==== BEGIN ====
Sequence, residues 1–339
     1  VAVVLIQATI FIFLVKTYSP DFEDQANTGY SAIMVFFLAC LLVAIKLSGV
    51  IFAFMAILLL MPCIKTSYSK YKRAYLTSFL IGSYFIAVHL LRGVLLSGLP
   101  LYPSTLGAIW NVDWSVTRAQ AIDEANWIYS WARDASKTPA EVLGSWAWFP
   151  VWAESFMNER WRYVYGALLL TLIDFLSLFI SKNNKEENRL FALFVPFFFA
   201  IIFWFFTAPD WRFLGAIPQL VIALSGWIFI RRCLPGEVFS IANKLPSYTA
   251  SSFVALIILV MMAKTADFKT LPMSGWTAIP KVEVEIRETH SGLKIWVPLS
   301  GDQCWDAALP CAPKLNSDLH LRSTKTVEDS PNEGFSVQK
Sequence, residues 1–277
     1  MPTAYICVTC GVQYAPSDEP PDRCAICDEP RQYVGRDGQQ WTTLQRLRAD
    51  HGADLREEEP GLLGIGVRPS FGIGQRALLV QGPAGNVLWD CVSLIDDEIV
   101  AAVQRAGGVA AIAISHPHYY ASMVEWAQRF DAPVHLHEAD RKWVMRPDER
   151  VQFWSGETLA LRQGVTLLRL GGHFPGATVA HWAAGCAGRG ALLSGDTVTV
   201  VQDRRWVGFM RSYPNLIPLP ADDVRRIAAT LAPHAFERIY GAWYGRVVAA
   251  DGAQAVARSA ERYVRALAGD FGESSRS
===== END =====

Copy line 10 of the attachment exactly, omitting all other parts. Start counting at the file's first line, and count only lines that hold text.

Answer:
     1  MPTAYICVTC GVQYAPSDEP PDRCAICDEP RQYVGRDGQQ WTTLQRLRAD